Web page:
Warner visits Middle East
U.S. Sen. Mark R. Warner (D-Va.), a member of the Senate Select Committee on Intelligence, told Virginia reporters during a conference call on Wednesday that his Memorial Day recess travels to the Middle East have revealed both “dramatic transformation” and “serious challenges ” for the region.
“Whether we look at the near universal revulsion over last weekend’s massacre in Syria or the growing worldwide consensus that the Assad regime in Syria has to go, we need to do all that we can to ensure that any opposition that replaces Assad truly is democratic and not made up of terrorists,” Warner said.
Warner is a member of a bipartisan delegation comprised of other Intelligence Committee members, including Sens. Mark Udall (D-CO), Richard Burr (R-NC), and Barbara Mikulski (D-MD).
On Sunday and Monday, Sen. Warner visited Israel, where the delegation met with Prime Minister Benjamin Netanyahu, Defense Minister Ehud Barak and other top Israeli officials. The delegation also toured Israel’s Iron Dome missile defense system aimed at protecting Israeli citizens from short-range rocket attacks. Senators also met with top officials from the Palestinian Authority.
“Our meetings helped reiterate America’s strong support for Israel, and the need for sanctions that will effectively pressure Iran to take measurable steps to stop their nuclear enrichment activities. We cannot allow Iran to just run out the clock with endless negotiations,” Warner said. “A nuclear Iran is a threat not just to Israel. It would destabilize all of the nations in the Middle East.”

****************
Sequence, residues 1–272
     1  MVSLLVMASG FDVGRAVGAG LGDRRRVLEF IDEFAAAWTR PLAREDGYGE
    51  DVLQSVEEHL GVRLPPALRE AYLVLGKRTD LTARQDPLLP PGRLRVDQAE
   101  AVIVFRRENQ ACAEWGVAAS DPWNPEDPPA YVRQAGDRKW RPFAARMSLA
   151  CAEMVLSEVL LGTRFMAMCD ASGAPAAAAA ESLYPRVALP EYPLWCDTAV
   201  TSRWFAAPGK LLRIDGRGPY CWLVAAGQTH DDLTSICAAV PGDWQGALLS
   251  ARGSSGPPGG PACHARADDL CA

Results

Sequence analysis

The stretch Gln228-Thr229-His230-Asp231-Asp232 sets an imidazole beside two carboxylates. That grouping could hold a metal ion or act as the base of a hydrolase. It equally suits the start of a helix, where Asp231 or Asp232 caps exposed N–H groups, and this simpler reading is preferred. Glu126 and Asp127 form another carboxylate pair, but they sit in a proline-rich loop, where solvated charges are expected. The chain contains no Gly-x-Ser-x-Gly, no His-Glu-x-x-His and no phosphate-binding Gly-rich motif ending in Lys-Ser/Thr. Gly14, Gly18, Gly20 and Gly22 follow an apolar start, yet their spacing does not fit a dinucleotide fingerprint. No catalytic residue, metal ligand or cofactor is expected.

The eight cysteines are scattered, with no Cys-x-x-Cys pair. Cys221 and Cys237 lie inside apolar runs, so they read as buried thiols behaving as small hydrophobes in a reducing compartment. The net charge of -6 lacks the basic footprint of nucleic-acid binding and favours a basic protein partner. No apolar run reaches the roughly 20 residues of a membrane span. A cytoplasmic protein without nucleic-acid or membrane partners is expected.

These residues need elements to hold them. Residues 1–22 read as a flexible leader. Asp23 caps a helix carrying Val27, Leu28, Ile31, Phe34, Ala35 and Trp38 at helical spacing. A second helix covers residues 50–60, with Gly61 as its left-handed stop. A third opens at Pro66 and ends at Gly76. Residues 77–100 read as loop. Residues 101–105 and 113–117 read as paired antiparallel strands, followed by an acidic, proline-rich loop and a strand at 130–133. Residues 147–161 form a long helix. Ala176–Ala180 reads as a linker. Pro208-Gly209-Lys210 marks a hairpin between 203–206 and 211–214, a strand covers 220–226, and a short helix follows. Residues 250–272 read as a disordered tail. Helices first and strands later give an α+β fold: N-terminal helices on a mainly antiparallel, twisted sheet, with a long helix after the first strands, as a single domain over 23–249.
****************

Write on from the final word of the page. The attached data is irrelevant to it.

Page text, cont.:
The delegation arrived in Egypt on Tuesday for a variety of meetings with top officials and various citizen groups, including a visit to Cairo’s Tahrir Square, the focal point of the Egyptian uprising last year.
“We were in Egypt as the results of the presidential elections were announced,” Sen. Warner said. “There was a general sense that the elections were conducted fairly, and Egyptians are in for a challenging time as they continue to work towards real democracy through a second round of elections. As we’ve seen, democracy can be messy. But the Egyptians want to have this election without outside influence, that is our government’s position, and I think it’s the right one.”